How a New U.N. Advisory Group Wants to Transform AI Governance

How a New U.N. Advisory Group Wants to Transform AI Governance

Amid a smorgasbord of different national, multilateral and global attempts to regulate artificial intelligence (AI), it can be hard to take stock of all the rules that govern—or attempt to—the emerging technology.

[time-brightcove not-tgx=”true”]

The United Nations is attempting to rise above that morass, with its own effort to issue a set of recommendations for governance of AI. Its new advisory body, made up of 39 members from a wide range of countries and sectors, began working last fall to provide recommendations on the form and function of a new international agency for the governance of AI. The group has already issued an interim report on “Governing AI for Humanity,” which proposes a variety of measures to strengthen the governance of AI and recommendations on ethical AI deployment, accountability, and making AI more inclusive. 

Read More: What the U.N.’s AI Advisory Group Will Do

The co-chair of the group in charge of drafting the U.N.’s AI rules warned on Tuesday that these kinds of recommendations must ultimately become binding lest they dissolve into insignificance. “We have the legitimacy of U.N. organizations…we are building on that trust; the U.N. charter, international law, and human rights,” said Carme Artigas, the co-chair of the U.N.’s high-level advisory body on AI and Spain’s former minister for digitalization and artificial intelligence. Emphasizing the importance of accountability, she added: “Whatever we do must be binding, otherwise it makes no sense.”

Artigas issued the warning during a panel discussion at the World Governments Summit in Dubai, which brought together several members of the U.N. advisory group to share their perspectives and was moderated by TIME executive editor Naina Bajekal. The body will publish its final report later this year, following an ongoing public consultation process, ahead of the U.N.’s Summit of the Future.

The UAE’s minister for artificial intelligence, digital economy and remote work applications, Omar Al Olama, welcomed the U.N.’s attempts to write a global set of recommendations that strike a balance between optimism and pessimism over the potential effects of the technology. “The U.N. has been a role model in mobilizing and generating consensus, in ensuring that regulation is fit for purpose, and in being pragmatic,” said Al Olama, who became the world’s first AI minister in 2017. “There are a lot of people that are fear-mongers, there are a lot of people that are naysayers, and there are a lot of people who are blinded by the opportunities and the optimism. But seeing that balance was refreshing.”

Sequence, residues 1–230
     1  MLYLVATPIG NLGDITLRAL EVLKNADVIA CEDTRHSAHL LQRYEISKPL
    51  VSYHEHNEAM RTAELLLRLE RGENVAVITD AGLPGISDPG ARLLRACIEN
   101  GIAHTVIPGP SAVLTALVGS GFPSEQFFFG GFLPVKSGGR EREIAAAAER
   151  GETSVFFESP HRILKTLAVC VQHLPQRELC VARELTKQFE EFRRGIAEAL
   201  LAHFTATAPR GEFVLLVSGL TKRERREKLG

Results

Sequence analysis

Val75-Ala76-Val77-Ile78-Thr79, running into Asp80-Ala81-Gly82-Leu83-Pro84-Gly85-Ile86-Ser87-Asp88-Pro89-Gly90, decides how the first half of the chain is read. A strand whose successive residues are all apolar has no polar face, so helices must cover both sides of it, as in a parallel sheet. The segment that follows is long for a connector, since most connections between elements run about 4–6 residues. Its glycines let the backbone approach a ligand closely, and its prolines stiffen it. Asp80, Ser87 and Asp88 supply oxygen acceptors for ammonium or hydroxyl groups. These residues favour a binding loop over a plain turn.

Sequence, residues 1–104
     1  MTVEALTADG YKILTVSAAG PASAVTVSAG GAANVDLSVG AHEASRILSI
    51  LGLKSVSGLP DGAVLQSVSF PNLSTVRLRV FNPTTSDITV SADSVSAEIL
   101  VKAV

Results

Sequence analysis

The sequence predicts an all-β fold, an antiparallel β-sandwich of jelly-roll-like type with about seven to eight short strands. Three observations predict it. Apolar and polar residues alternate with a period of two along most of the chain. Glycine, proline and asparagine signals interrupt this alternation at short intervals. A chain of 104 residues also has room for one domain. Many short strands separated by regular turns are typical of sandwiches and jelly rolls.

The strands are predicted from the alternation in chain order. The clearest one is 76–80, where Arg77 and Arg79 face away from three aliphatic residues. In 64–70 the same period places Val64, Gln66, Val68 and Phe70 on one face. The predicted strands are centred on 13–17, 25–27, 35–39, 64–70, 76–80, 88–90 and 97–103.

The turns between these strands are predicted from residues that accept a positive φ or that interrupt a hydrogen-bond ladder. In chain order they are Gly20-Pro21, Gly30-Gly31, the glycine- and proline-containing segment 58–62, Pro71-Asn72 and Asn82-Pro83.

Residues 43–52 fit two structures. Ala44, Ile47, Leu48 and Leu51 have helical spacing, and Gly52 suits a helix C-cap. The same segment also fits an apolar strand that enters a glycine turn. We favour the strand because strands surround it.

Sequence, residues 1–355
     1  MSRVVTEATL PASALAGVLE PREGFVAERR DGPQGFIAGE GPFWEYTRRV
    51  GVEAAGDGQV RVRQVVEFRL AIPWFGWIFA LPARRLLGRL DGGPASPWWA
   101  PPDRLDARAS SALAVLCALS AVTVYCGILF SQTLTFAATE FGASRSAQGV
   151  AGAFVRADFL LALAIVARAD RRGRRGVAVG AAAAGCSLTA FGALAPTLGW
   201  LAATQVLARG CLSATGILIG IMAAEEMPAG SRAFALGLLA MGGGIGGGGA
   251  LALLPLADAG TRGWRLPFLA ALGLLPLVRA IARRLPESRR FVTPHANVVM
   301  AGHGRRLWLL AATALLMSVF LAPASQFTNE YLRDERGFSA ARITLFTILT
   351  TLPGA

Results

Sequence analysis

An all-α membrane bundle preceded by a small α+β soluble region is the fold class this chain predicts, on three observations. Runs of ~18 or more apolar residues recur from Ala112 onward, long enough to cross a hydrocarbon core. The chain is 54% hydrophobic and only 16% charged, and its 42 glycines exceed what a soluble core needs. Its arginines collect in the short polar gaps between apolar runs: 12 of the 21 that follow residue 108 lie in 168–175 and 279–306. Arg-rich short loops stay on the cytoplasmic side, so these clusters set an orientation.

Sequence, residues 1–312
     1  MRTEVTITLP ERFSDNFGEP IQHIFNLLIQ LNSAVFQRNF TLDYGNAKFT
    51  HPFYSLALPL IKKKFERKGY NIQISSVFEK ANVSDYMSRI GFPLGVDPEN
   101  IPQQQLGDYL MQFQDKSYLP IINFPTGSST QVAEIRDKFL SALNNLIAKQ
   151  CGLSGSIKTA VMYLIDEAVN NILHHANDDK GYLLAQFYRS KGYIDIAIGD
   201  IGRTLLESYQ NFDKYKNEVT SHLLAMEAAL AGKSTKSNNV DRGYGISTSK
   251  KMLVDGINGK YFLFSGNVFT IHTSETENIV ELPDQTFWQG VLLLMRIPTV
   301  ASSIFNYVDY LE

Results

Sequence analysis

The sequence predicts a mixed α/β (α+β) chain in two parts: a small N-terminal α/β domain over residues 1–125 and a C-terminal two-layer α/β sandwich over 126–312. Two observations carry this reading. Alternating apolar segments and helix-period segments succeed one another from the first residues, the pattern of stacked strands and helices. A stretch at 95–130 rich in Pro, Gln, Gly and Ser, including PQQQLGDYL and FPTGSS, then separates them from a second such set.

For African nations that are not represented in other high-level international bodies seeking AI regulation, like the G7 and European Union, the U.N.’s process presents the most realistic chance at having a seat at the table for deciding on standards for the technology, said Philip Thigo, an AI adviser to the Kenyan government and a member of the U.N. advisory group. “A lot of countries in the Global South are not part of this global governance ecosystem,” Thigo said. “The United Nations remains the only multilateral global system that we have that creates opportunities for countries in the Global South.”

There is an urgent need, Thigo added, for AI development to account for linguistic and cultural differences to ensure that not only the Global North benefits from the technology. Underpinning current AI systems are vast quantities of data largely in the English language from North America, noted Amandeep Gill, the U.N. secretary general’s envoy on technology. That omits a large part of the world, he said. “It’s morally outrageous, and it’s also a practical issue, given the need for the diversity of data.” 

Read More: How the U.N. Plans to Shape the Future of AI

Gill warned the room of government officials and business leaders from around the world that AI would not only reshape the world of tech, but also the practice of governance itself. And he argued for the importance of striking a balance between guarding against the downsides while protecting the space for innovation that could deliver tremendous benefits. “We don’t want to overregulate,” he said. “But if we don’t manage the governance situation well, then we will lose the trust of the public.”

Leave a comment

Send a Comment

Your email address will not be published. Required fields are marked *